Aegean Airlines and Olympic Air have 9 flights per day (in high season) from Athens to Santorini. They are essentially the same airline (Olympic recently bought Aegean) and you can book flights for either airline on both websites (and at the same price). Flights with an Aegean flight code use a Airbus 320 (168 passengers). Flights with an Olympic code use a Dash 8 prop plane (70 passengers).
Ryanair has 1 flight per day (at 7:05am) starting April 1 and 2 flights a day (the other flight at 11:10pm) starting June 1. The evening flight runs until September 30 and the morning flight until October 24, 2015.
The flight from Athens to Santorini takes 45 to 50 minutes. The first flight of the day departs Athens at 5:15am and the last flight at 22:15. Flights leave about every 2 hours throughout the day. For every flight to Santorini there is a return flight to Athens that takes off from Santorini about 40 minutes after it lands. Tickets between Athens and Santorini cost between €30 and €150 depending on what’s available and how early you book. The cheapest tickets are on Ryanair.
If you don’t have any interest in staying in Athens there are direct flights to Santorini from London, Paris, Rome, Frankfurt, Dublin, Amsterdam, and many other European cities. Search Kayak.com for available flights. EasyJet and Ryan Air have the cheapest flights to Santorini.
Ferry Schedule: Athens to Santorini for Summer 2015
These are the 3 most popular ferry routes from Athens (Piraeus) to Santorini. The Blue Star ferry is my favorite way to get from Athens to Santorini and the best choice by far if you’re prone to seasickness as it’s the largest ferry with the least bumpy ride.
- Blue Star Ferry: Departs Athens at 7:25 every morning (365 days a year) with stops in Paros, Naxos, and Ios (doesn’t stop in Ios on Wednesday and Saturday). It takes about 8 hours from Athens to Santorini and the ferry arrives at Santorini at 14:50. The return trip from Santorini to Athens departs at 15:30 and arrives in Athens at 23:15. In the summer months there are evening Blue Star ferries 3 or 4 nights per week from Piraeus to Santorini. They arrive in Santorini just after midnight. Spending a few extra Euros and getting reserved seats (in economy class) is highly recommended.
- Hellenic Seaways Highspeed 4 or 6: For most days from April 8 to September 30, 2015 there is a morning highspeed ferry that departs from Piraeus between 7:15 and 7:30. It takes about 5 hours from Athens to Santorini. In July and August it will be a Highspeed 6 and only stop in Ios. In April, May, June, and September it will be a Highspeed 4 and also stop in Naxos and Paros (and not run on Sunday).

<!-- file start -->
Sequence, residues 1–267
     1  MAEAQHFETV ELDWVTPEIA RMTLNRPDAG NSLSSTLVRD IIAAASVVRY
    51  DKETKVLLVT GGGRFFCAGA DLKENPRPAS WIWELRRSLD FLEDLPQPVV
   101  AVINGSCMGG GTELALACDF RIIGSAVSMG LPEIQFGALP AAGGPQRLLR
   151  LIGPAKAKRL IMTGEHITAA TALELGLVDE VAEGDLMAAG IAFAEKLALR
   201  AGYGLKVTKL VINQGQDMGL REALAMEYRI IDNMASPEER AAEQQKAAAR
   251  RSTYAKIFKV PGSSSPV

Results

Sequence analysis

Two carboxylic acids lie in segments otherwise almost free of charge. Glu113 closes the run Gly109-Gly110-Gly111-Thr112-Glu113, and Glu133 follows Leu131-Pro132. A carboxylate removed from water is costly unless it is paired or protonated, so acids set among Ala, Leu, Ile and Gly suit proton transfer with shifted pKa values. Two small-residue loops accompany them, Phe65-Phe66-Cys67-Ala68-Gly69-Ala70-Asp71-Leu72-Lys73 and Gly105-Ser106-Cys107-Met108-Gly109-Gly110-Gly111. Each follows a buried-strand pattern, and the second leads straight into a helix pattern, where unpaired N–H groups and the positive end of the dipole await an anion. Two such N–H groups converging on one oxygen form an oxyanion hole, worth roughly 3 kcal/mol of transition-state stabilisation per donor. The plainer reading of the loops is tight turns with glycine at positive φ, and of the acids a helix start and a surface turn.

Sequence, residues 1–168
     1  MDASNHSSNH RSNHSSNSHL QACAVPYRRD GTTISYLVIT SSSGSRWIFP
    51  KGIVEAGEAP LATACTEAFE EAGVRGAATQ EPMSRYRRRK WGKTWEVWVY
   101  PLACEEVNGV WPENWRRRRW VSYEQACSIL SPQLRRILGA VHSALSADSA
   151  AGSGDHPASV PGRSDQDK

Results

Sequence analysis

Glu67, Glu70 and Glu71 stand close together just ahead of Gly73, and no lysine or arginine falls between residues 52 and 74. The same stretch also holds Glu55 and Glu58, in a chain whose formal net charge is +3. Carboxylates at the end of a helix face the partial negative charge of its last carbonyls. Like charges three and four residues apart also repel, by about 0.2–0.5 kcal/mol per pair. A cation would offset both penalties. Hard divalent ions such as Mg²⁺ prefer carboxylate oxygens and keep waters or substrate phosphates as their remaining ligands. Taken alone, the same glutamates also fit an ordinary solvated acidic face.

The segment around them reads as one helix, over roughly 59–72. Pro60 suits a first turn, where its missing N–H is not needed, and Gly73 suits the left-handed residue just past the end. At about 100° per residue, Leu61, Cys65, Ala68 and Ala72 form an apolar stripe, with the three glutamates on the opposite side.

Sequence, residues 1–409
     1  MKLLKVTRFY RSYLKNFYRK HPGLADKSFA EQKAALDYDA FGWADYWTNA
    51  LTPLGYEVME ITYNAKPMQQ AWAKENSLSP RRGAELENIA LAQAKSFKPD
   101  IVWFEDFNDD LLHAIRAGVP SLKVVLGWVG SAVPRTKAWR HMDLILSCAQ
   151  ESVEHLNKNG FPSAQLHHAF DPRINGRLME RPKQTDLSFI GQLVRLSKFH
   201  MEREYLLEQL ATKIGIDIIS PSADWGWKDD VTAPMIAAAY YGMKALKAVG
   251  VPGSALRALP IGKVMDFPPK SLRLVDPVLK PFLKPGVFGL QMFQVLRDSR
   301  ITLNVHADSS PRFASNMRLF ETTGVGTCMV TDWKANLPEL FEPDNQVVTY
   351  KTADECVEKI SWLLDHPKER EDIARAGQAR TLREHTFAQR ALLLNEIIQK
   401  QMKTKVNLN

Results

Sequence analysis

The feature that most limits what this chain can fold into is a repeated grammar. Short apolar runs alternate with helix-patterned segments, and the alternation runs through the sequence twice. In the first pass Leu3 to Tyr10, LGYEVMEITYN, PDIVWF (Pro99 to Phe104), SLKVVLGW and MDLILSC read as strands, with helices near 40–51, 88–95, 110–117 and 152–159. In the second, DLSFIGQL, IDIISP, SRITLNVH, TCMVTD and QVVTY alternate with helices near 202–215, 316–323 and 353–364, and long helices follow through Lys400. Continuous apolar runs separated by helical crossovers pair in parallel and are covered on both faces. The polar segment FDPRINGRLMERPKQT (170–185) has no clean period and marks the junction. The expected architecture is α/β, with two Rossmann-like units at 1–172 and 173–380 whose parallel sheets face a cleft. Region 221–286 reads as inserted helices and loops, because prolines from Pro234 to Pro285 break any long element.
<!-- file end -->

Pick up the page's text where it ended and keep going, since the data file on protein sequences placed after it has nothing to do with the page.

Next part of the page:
- SeaJet2: From April 3, 2015 to October 31, 2015 this catamaran departs at 7:00am and arrives in Santorini at 11:40 with stops in Mykonos and Naxos. From June 12 to September 5, 2015 there is also an afternoon ferry that departs Piraeus at 15:30 and arrives at Santorini at 21:10. This is the smallest of the ferries and will have the roughest ride. The seating inside is cramped. It’s also the most likely to be cancelled due to rough seas. With a little bad luck a trip on a SeaJet can turn into a terrible experience. Take the Blue Star or Hellenic Highspeed if you can. The SeaJet and similar smaller catamarans (like the Mega Jet and Super Jet) are OK for short hops between islands but I would not recommend taking them for the 5 hour journey from Athens to Santorini.
What is the best ferry to take from Athens to Santorini?
The best way to get from Athens to Santorini is by the Blue Star ferry. It departs the Athens’ ferry port every day at 7:25am. This is obviously early. To get the ferry you need to be on the metro train from downtown Athens to Piraeus by 6:30am. During summer there is also a later Blue Star ferry in the afternoon/evening 3 or 4 nights per week – usually departing at 17:30 and arriving in Santorini after midnight.
On the Blue Star ferry you are able to walk around on the deck and enjoy the scenery and the sea air. It does take 8 hours on the Blue Star from Athens to Santorini. The beginning and end of the trip are exciting but the 4 or 5 hours in between can be pretty boring.
The Highspeed ferries that go from Athens to Santorini do not have open-air decks so you’re not able to see the scenery in the same way. You sit inside in airplane style seats and are unable to go outside except when a stop is made at a port. The windows are usually covered with salt and sea spray and don’t allow for much in the way of views. The Highspeed ferries do get you to Santorini in a little over half the time (5 hours instead of 8) so there is that advantage.